I had announced it here. I said it would take a few weeks, and instead it took a few months. Oh well, you know how it is, ‘a revolution is not a dinner party’ – but finally we made it!
I think the result is totally awesome.
But let’s take it one step at a time.
Since the beginning of time, if you go in a store the merchandise you see is that which the storekeeper has prepared for you: the showcase, shelves along the walls, shelves behind the counter, goods strategically setup near the cash register. Take highway service stations as an example, they even have mandatory routes through the shop so that you see exactly what they want in the order they want, otherwise you can’t leave.
eCommerce, despite its advances, has never really left this mentality behind. Sure, nobody can force me online to go through all the shelves before leaving – if you try, voilà, one click and I’m gone, already in another site, shopping at somebody else’s store. And yet everyone, and I mean everyone, really EVERYONE!, including the Gods of eCommerce (from Amazon to Ebay and all the rest) conform to the rule by which commerce, in the Internet era (unlike communications and information), is still incredibly push: I want to push that product, so I’ll dazzle you with it in the showcase; that agent pays me a fee, so I put his products in the limelight; that publisher runs a promotion, so his books go on the homepage; I want to push that author, so I put him in the newsletter, etc.
I can’t find any exceptions, go ahead and take a look yourself, and then come back here (we’re focusing on books, but this discussion could be applied to all goods): Amazon.it, ibs.it, LaFeltrinelli.it, Bol.it, Bookrepublic.it, …
Done? See what I mean? They all do the same thing: push push push.
Not us. Not any more. We at Ultima Books just don’t do that any more. Go and see for yourself, then come back here, but not without playing around a bit first: UltimaBooks.it.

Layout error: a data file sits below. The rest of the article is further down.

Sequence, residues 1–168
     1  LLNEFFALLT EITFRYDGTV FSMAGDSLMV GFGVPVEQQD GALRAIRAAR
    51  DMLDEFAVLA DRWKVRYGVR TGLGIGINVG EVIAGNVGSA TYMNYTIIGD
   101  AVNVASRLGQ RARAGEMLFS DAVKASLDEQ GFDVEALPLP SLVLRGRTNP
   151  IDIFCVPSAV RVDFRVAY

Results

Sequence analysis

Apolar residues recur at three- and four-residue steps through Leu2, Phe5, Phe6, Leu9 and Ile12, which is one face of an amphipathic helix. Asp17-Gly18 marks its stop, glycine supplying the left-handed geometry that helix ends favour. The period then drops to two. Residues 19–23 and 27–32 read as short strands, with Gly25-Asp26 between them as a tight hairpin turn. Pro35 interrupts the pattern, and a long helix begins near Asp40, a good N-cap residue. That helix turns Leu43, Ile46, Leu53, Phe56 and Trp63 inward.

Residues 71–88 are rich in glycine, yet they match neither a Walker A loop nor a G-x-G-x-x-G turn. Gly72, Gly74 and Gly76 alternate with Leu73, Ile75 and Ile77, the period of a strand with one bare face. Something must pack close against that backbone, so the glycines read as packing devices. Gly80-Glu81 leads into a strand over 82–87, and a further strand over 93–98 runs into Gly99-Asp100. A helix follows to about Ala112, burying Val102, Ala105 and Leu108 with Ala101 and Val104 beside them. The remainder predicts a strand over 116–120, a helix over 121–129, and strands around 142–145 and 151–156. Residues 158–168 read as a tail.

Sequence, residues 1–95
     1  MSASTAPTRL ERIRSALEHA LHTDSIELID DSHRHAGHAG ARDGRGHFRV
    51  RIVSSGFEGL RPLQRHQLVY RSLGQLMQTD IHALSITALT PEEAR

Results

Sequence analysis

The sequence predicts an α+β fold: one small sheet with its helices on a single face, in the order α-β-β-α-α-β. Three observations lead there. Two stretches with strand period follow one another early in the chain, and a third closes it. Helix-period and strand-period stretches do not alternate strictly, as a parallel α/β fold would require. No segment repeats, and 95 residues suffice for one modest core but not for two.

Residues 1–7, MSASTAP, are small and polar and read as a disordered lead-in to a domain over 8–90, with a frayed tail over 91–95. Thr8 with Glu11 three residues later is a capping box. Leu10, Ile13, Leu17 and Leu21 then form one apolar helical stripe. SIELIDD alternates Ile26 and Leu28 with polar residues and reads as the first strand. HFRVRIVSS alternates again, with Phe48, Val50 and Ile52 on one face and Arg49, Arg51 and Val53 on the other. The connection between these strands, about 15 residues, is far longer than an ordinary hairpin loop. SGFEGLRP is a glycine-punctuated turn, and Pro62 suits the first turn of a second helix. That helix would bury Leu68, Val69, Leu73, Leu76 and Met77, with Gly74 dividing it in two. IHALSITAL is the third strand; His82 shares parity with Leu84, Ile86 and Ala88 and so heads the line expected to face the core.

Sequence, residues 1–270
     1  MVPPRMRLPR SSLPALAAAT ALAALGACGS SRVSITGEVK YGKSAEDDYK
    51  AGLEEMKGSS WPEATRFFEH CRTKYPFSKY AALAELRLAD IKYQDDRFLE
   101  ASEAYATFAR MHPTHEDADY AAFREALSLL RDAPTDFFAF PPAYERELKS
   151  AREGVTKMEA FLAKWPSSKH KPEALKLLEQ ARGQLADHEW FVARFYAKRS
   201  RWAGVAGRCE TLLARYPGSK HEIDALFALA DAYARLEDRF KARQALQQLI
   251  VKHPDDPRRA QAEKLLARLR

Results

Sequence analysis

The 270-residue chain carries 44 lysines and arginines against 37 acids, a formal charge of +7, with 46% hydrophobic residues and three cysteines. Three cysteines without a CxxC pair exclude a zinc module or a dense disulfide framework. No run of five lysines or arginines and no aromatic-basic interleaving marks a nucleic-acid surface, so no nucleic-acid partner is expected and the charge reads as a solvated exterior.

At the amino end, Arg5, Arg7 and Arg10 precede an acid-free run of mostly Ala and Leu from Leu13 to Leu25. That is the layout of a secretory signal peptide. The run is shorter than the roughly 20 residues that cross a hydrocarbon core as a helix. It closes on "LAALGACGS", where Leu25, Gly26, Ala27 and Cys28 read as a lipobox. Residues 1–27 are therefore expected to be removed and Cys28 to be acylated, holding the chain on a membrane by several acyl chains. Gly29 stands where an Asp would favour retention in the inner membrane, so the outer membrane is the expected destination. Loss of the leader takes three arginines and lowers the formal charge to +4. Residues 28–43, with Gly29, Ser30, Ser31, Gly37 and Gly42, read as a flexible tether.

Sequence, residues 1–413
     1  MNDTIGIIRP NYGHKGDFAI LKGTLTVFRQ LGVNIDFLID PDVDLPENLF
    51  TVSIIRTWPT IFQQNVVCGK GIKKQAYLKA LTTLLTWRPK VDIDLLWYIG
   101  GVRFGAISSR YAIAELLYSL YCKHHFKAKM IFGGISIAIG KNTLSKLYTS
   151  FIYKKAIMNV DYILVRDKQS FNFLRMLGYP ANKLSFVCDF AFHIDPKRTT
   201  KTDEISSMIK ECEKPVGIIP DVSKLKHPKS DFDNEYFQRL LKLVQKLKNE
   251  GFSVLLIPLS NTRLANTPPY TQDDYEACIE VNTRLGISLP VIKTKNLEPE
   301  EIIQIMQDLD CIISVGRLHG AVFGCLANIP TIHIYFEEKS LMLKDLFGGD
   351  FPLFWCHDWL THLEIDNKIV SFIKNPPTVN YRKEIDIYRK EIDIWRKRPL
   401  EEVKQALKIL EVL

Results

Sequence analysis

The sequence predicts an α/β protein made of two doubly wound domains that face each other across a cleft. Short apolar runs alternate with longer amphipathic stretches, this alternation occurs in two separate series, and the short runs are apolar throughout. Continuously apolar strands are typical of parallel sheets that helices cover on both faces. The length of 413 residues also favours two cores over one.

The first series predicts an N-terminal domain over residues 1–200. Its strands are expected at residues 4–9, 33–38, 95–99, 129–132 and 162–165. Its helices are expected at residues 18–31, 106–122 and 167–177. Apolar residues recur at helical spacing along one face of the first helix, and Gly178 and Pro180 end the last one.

Done? See what I mean? Awesome, isn’t it?
Sure, if I enter for the first time and nobody knows anything about me, the bookseller has to show me something, right? So he shows me what he thinks might interest me, mainly because it interests him… but hey, the first thing he does is give me the keys to his shop, giving me free run of the showcase, and even the shelves! I can open and close them as I like, I can create new ones, and I can move them up and down as I please! And if I register on the site, then next time it’ll recognize me automatically. So every time I come back to UltimaBooks.it I’ll find more than just the bookseller’s picks, I’ll have my very own shelves, a true custom permanent bookstore which will automatically update my custom shelf with all the new releases on each subject, on the particular category, on my own personal search keyword that I wanted to keep an eye on (an author, a location, the title of my dissertation, etc.). WOW! Totally unprecedented!
This is why the revolution is over: one small step for UltimaBooks, one giant leap for commerce as a whole. The power is no longer in the hands of the seller, but the buyer; and if the seller wants to sell, he’ll have to rely on the buyer, his preferences and choices, his interests and motivation, providing him with the best-performing and most appealing system possible in order to meet those needs.
So why did I put that almost in the title of this post? What is the commerce revolution lacking in order to be declared over and commerce, with the help of ecommerce, ready for the digital era?
Obvious: it still lacks the possibility to share and exchange personal shelves. That will be our third step. I hope it will be done by February 2012. From that moment on our book-lover friends will not only be able to open and close, move, create and delete shelves, with choices that remain effective and unchanged with each new visit to the bookstore. They will also be able to decide if and which personal shelves can be shared, in order torecommend them to their friends or just plain everyone, and there will even be a ranking of the most useful and liked shelves. In order to create my own ideal personal bookstore, I’ll be able to go to all the shelves other users have decided to share.
I myself find it to be an intriguing journey, so much so that it would be a shame to keep it all to ourselves. This is why, once the third step has also been completed, we’ll make the technology behind all this available to everyone: to all our online bookstore colleagues, but also all our online merchant colleagues. And after ecommerce has taken this final step, who knows, maybe something similar will come to mind for offline commerce, in “physical” shops – never say never….